As if the credit card breach at Home Depot didn’t already look enough like the Target breach: Home Depot said yesterday that the hackers who stole 56 million customer credit and debit card accounts also made off with 53 million customer email addresses.
In an update (PDF) released to its site on Thursday, Home Depot warned customers about the potential for thieves to use the email addresses in phishing attacks (think a Home Depot “survey” that offers a gift card for the first 10,000 people who open the booby-trapped attachment, for example). Home Depot stressed that the files containing the stolen email addresses did not contain passwords, payment card information or other sensitive personal information.
Home Depot said the crooks initially broke in using credentials stolen from a third-party vendor. The company said thieves used the vendor’s user name and password to enter the perimeter of Home Depot’s network, but that these stolen credentials alone did not provide direct access to the company’s point-of-sale devices. For that, they had to turn to a vulnerability in Microsoft Windows that was patched only after the breach occurred, according to a story in Thursday’s Wall Street Journal.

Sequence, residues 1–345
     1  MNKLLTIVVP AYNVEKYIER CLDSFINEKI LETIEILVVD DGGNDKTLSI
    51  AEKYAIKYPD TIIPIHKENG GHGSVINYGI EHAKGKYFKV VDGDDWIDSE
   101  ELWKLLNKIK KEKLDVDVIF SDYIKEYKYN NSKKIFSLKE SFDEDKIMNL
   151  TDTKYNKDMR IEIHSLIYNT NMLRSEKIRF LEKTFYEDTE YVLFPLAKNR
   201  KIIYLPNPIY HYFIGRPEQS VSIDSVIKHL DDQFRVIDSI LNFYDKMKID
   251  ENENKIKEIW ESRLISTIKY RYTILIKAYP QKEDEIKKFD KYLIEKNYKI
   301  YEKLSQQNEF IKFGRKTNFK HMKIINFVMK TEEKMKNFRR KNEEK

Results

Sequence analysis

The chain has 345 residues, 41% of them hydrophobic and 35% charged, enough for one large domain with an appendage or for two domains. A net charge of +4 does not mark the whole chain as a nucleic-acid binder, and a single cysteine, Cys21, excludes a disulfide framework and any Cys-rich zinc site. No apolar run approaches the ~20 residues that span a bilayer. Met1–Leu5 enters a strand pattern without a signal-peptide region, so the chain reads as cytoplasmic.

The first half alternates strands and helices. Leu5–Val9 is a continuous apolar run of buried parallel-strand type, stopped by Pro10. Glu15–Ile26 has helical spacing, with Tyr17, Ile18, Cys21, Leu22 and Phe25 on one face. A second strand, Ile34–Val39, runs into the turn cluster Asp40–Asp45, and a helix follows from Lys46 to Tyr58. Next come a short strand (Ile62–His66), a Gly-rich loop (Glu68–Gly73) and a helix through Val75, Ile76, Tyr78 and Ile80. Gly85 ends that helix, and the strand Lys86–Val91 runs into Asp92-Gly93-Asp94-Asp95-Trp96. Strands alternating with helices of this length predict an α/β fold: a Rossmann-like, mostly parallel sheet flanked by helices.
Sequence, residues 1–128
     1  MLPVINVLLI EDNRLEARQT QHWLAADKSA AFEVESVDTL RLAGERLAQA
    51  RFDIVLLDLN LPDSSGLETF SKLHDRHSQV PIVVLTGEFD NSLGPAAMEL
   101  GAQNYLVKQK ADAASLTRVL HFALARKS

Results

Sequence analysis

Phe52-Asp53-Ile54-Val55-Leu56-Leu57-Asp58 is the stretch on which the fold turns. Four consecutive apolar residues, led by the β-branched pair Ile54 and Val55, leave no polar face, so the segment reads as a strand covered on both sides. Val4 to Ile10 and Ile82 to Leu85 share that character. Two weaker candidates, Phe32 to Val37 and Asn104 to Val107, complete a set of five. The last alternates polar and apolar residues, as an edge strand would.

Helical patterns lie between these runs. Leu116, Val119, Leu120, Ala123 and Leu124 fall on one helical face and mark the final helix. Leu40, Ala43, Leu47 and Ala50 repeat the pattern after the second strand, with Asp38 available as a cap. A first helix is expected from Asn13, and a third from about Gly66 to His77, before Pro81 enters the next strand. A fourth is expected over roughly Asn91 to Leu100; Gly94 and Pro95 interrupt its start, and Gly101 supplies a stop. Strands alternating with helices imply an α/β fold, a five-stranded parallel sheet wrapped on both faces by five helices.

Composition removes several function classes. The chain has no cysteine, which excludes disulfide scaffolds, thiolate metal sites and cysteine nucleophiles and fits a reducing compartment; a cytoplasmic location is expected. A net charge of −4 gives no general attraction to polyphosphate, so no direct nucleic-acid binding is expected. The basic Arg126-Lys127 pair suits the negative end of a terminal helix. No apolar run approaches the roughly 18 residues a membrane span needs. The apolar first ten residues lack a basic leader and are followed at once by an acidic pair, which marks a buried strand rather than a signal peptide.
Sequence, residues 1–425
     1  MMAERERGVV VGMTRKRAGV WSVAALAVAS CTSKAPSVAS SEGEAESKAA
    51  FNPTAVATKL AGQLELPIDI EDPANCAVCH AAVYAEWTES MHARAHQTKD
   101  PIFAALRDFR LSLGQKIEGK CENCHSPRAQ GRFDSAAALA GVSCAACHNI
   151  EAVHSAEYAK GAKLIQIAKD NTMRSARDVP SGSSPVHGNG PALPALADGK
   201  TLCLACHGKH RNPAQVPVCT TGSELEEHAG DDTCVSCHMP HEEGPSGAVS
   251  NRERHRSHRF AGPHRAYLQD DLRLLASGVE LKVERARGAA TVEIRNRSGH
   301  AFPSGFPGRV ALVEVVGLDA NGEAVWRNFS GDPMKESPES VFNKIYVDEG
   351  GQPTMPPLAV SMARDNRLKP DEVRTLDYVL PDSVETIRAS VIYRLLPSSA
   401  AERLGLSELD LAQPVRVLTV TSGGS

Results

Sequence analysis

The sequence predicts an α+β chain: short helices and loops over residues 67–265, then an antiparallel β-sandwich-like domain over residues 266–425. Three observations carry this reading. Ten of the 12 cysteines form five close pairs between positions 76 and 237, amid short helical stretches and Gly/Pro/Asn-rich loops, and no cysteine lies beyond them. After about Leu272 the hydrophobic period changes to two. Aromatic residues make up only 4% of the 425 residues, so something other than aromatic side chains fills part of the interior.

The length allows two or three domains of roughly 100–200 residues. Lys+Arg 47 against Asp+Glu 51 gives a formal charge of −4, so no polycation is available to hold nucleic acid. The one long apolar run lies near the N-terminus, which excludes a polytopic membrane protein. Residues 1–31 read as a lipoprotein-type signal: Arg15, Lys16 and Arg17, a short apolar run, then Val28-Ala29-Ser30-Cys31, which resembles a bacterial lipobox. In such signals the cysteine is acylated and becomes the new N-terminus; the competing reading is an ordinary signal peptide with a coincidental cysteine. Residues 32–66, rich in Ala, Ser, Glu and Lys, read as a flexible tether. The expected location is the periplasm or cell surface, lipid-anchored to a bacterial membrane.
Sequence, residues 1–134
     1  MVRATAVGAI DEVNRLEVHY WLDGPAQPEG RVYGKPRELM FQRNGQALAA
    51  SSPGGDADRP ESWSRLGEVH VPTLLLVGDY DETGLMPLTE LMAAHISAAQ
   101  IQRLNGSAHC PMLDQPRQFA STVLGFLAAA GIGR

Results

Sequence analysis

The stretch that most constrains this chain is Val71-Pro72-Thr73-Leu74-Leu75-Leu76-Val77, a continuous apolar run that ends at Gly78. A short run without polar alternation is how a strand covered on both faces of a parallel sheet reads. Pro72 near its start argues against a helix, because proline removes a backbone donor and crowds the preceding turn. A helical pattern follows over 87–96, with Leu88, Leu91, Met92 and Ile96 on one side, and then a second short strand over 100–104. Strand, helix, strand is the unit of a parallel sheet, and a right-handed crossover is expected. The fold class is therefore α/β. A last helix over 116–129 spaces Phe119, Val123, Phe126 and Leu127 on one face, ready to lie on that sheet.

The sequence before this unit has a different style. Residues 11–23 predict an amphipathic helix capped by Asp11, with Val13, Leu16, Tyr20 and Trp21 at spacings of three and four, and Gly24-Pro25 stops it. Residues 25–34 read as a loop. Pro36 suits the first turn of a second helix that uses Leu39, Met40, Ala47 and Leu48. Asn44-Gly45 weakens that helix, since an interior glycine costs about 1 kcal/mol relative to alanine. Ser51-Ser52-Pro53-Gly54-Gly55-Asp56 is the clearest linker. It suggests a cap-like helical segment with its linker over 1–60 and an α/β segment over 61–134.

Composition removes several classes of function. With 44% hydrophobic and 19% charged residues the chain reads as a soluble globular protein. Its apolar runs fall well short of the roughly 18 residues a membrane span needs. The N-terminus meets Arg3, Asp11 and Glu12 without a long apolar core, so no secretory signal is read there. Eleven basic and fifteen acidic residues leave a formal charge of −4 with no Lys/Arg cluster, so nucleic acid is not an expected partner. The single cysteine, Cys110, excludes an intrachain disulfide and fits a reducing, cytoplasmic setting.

Recall that the Target breach also started with a hacked vendor — a heating and air conditioning company in Pennsylvania that was relieved of remote-access credentials after someone inside the company opened a virus-laden email attachment. Target also came out in the days after the breach became public and revealed that the attackers had stolen more than 70 million customer email addresses.
Home Depot also confirmed that thieves targeted its self-checkout systems, a pattern first reported on this blog on Sept. 18. The Wall Street Journal reported that the intruders targeted the 7,500 self-checkout lanes at Home Depot because those terminals were clearly referenced by the company’s internal computer system as payment terminals, whereas another 70,000 regular registers were identified simply by a number.
News of the Home Depot breach broke on this blog on Sept. 2, after multiple banks confirmed that tens of thousands of their cards had just shown up for sale on the underground cybercrime shop rescator[dot]cc. That same carding shop was also the tip-off for the breach at Target, which came only after Rescator and his band of thieves pushed millions of cards stolen from Target shoppers onto the black market.